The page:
The new oral anticoagulants, do they change the benefit vs. risk for thromboprophylaxis in association to ambulatory surgery?
PURPOSE OF REVIEW:
Several randomized controlled trials have shown that pharmacological thromboprophylaxis with low-dose unfractionated heparin (UFH), low molecular weight heparin (LMWH) or fondaparinux reduces venous thromboembolism (VTE) after general surgery. No high-quality evidence supports the use of pharmacological thromboprohylaxis with traditional antithrombotic drugs in patients undergoing ambulatory surgery without additional VTE risk factors, stratified at low risk of VTE by the American College of Chest Physicians guidelines. Two new drug classes, the direct thrombin and factor Xa (FXa) inhibitors, have been developed with a potentially better risk-benefit profile.
Oral administration, predictable anticoagulant responses, low potential for drug-drug interactions render direct thrombin and factor Xa inhibitors good candidates to replace UFH, LMWH and fondaparinux for VTE prophylaxis. Most of all, the positive results of the first published clinical trials in orthopedic thromboprophylaxis allowed dabigatran etexilate and rivaroxaban to be licensed in Canada and in European Union for the prevention of VTE in patients undergoing hip-replacement and knee-replacement surgery.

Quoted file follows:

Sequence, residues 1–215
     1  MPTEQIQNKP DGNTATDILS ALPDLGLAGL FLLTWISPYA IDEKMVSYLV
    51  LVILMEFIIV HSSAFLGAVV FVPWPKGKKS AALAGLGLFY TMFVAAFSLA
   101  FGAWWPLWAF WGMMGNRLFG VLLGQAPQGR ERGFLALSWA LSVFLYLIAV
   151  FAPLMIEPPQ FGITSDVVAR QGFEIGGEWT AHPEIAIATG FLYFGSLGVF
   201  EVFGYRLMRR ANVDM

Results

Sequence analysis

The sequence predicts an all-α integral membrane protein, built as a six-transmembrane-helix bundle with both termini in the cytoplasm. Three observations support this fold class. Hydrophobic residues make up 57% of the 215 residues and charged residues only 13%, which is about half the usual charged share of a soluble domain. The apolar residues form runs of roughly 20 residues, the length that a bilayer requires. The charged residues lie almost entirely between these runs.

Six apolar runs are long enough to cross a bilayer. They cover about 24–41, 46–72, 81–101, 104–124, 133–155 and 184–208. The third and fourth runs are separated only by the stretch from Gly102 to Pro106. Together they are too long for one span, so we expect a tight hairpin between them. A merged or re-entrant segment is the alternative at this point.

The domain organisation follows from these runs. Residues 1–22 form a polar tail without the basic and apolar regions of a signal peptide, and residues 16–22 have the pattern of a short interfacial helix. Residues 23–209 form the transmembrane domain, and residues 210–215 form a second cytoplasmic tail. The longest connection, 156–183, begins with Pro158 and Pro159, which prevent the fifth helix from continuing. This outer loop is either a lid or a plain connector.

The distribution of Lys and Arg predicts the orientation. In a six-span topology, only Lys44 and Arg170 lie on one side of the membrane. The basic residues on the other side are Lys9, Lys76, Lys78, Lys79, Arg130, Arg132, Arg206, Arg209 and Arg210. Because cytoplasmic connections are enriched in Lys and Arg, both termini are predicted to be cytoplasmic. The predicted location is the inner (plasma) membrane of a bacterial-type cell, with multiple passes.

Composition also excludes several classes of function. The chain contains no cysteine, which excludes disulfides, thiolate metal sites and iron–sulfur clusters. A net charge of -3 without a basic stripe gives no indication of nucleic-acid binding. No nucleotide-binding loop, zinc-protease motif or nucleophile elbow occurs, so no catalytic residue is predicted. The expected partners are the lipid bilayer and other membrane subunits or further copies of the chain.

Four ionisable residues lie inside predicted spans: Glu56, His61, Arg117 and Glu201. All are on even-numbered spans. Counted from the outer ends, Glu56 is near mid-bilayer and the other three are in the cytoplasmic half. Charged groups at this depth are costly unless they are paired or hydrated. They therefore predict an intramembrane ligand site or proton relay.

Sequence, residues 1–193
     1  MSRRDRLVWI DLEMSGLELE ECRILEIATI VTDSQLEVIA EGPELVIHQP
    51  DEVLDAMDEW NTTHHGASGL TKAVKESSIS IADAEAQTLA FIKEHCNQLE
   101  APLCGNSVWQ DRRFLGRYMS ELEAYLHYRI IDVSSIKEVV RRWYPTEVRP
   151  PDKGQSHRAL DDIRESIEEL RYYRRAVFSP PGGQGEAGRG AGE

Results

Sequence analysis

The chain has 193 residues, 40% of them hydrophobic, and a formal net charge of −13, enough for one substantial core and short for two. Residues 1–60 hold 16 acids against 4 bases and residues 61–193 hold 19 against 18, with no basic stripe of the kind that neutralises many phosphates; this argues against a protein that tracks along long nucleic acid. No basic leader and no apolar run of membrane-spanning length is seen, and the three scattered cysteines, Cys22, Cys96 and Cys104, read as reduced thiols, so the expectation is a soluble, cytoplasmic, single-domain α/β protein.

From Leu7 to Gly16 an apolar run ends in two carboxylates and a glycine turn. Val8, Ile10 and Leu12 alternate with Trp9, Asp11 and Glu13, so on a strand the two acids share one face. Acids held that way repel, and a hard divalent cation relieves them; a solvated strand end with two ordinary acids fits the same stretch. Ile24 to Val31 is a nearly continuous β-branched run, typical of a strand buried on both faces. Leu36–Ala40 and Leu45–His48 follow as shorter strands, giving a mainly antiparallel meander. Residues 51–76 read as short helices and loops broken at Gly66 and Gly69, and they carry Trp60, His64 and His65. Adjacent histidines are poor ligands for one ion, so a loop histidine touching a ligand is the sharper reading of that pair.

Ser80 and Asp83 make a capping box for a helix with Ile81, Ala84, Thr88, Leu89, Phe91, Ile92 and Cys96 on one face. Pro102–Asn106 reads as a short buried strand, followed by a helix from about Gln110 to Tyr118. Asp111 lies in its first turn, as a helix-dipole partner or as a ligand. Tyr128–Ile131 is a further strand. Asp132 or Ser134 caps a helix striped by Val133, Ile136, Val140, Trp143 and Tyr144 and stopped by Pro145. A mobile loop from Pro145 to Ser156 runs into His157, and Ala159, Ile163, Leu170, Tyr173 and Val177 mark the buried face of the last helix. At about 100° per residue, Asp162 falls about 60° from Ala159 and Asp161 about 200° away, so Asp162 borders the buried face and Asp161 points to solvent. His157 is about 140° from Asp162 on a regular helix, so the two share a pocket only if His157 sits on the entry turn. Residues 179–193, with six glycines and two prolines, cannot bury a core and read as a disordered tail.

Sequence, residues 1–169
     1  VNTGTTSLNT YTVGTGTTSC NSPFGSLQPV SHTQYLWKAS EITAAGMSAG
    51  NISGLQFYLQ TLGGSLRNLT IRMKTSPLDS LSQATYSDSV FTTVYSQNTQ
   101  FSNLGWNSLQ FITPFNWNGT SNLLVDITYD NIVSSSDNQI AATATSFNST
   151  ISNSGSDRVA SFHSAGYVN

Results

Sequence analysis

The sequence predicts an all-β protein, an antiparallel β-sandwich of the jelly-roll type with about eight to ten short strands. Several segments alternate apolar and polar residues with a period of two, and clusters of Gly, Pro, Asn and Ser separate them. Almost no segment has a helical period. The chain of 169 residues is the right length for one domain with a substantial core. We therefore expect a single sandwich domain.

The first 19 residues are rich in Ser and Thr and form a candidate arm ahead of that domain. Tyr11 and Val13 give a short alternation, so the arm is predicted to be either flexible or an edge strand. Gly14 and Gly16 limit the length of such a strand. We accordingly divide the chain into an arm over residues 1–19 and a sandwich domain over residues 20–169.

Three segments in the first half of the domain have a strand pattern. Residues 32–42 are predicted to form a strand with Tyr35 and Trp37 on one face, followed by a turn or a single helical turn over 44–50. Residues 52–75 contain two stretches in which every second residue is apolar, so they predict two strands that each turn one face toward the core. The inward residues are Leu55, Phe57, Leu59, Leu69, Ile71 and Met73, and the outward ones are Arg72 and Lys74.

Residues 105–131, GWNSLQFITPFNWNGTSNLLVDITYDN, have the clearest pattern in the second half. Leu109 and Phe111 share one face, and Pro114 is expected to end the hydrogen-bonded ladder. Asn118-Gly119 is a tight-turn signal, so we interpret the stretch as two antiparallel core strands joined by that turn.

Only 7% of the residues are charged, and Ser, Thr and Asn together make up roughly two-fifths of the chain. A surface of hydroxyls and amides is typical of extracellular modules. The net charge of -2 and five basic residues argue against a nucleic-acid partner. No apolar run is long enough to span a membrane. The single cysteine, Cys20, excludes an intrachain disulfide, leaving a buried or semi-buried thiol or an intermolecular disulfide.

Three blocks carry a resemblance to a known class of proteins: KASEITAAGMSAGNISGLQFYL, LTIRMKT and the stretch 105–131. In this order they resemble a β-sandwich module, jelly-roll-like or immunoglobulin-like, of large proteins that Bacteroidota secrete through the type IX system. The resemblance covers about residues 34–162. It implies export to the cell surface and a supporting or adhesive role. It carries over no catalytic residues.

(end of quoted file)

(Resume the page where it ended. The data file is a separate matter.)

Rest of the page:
No randomized trials with the new anticoagulants are ongoing in ambulatory surgery. However, currently available drugs – that is UFH, LMWH or fondaparinux – are administered subcutaneously and the new anticoagulants would offer the clear advantage of an oral administration, without request for blood testing to monitor potential adverse effects such as heparin-induced thrombocytopenia, thus potentially simplifying the treatment out of the hospital.
Hard to say it better than this:
- the new anticoagulants would offer the clear advantage of an oral administration, without request for blood testing to monitor potential adverse effects such as heparin-induced thrombocytopenia, thus potentially simplifying the treatment out of the hospital.